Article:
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Let's Talk

Danny Chapman

 Let's Talk

17 May 2016

Danny Chapman is a Walbunga man from the Yuin nation and the Councillor for the South Coast at the NSW Aboriginal Land Council. He joined Amy McQuire on the programme to talk about Aboriginal cultural fishing rights in his homelands. Aboriginal people are currently being slapped with heavy fines and jail time for exercising their right to cultural fishing, and it is an issue that the NSW government is dragging its feet on resolving. That’s despite passing legislation to recognising Aboriginal cultural fishing in 2009, amendments that have not yet been enacted.


Rod Little

 Let's Talk

12 May 2016

Co-Chair of the National Congress of Australia’s First Peoples Rod Little joins Amy McQuire on the programme to talk about the Indigenous affairs minister Nigel Scullion’s recent decision not to fund the body – the only national elected First Nations body in the country.

Mr Little spoke about the need for true representation, the way forward for Congress and the importance of treaty in the continuing constitutional reform debate.


Thom Mitchell

 Let's Talk

08 May 2016

New Matilda’s environmental reporter Thom Mitchell joins Amy McQuire to discuss the recent blockade down at the Newcastle coal export port following on from our focus on climate change. We discuss the amount of carbon emissions Australia is exporting, and why this needs to be the focus in the upcoming election campaign.

For more of Thom’s reporting click here.


Joseph White Eyes and Larissa Baldwin

 Let's Talk

07 May 2016

Amy McQuire is joined in the studio by Joseph White Eyes, a young Lakota man from Turtle Island (America), who has been advocating for climate justice since he was 14. He is joined by Seed campaigner and Bundjalung woman Larissa Baldwin.

To find out more about the Dakota Access Pipeline mentioned in this podcast see, this news report. And to find out more about Seed and their petition to protect country click here.


Amelia Telford

 Let's Talk

04 May 2016

Amelia Telford is a Bundjalung and South Sea Islander woman and the founder of Seed – a climate justice campaign run by and for Aboriginal and Torres Strait Islander youth. Amelia joins Amy McQuire to discuss the Seed’s recent climate summit down in Sydney.

Specifically, they discuss the over $7 billion in subsidies the federal government has given to fossil fuel industries. Seed is currently running a petition against this. You can find out more here.

The petition reads:

“We are calling on Prime Minister Malcolm Turnbull to rule out any Federal Government investment, subsidies or royalty free periods for any new coal and unconventional gas projects.

As Aboriginal and Torres Strait Islander peoples, the First peoples of this land, we have a responsibility and a right to look after country as our people have for generations.

We have lived sustainably off this land since time immemorial. It is an unbroken legacy of the most successful sustainability this world has ever known. It is one unbroken chain and we refuse to be the link that breaks. This is why as young people we know we cannot sit by, we must rise to this challenge and take action.”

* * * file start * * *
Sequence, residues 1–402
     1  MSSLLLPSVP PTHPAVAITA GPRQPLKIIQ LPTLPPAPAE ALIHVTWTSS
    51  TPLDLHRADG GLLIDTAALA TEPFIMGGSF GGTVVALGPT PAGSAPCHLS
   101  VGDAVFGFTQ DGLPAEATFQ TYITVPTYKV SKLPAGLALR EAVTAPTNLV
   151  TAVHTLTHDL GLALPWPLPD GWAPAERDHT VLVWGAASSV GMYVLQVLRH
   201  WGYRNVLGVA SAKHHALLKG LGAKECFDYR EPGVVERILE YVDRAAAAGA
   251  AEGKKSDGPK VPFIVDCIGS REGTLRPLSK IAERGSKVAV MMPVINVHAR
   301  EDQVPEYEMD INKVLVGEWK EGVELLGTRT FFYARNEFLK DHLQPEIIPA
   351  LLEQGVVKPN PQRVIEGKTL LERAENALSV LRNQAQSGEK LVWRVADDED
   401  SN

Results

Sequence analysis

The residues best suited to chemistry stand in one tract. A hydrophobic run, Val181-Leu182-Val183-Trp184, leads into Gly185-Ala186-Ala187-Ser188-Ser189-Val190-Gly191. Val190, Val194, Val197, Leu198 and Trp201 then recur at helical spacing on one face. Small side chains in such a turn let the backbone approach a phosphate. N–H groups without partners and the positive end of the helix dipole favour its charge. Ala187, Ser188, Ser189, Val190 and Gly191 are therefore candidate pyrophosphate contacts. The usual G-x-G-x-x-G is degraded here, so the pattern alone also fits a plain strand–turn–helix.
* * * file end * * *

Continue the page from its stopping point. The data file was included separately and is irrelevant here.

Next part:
Dr Lesley van Schoubroeck

 Let's Talk

03 May 2016

Dr Lesley van Schoubroeck is Queensland’s Mental Health Commissioner and joins Amy McQuire in the studio to discuss the Mental Health Commission’s community consultations to develop an action plan around Aboriginal social and emotional wellbeing.

The Queensland Mental Health Commission (QMHC) was established on 1 July 2013 as a statutory body under the Queensland Mental Health Commission Act 2013.

For more information, see the commission’s website here.


Chris Graham

 Let's Talk

29 April 2016

Chris Graham joins Amy McQuire in the studio to discuss this week’s news… including Constitutional reform and treaty as well as New Matilda’s upcoming election coverage.


Kyllie Cripps and Jackie Huggins

 Let's Talk

27 April 2016

Amy McQuire is joined by Dr Kyllie Cripps, Acting Director of the Indigenous Law Centre in the Law Faculty at the University of New South Wales and Dr Jackie Huggins, the co-chair of the National Congress of Australia’s First Peoples to discuss the issue of Family Violence in our communities, following on from the Royal Commission into Family Violence down in Victoria.


Bob Fuller

 Let's Talk

26 April 2016

Bob Fuller is currently a PhD student at School of Humanities and Languages, University of NSW, researching a project in Aboriginal astronomy. He joins Amy McQuire to discuss his work looking at ‘star maps’, told to him by the Kamilaroi and Euahlayi peoples in New South Wales.


Paul Daley

 Let's Talk

25 April 2016

The Guardian’s Paul Daley joins Amy McQuire on ANZAC Day to talk about Australia’s myth-making, and the Frontier Wars. We discuss his work uncovering the truth behind the Light Horse Brigade at the Battle of Beersheba and how Australian history hides uncomfortable realities. Paul also tells the amazing story of Private Douglas Grant. For more on that story, check out Paul’s work here.


Glenda Humes

 Let's Talk

22 April 2016

Glenda Humes is the daughter of Gunditjmara soldier Captain Reginald Saunders, the first Aboriginal man to be commissioned as an officer in the army. She joins Amy McQuire to talk about her father’s story in the lead up to ANZAC Day.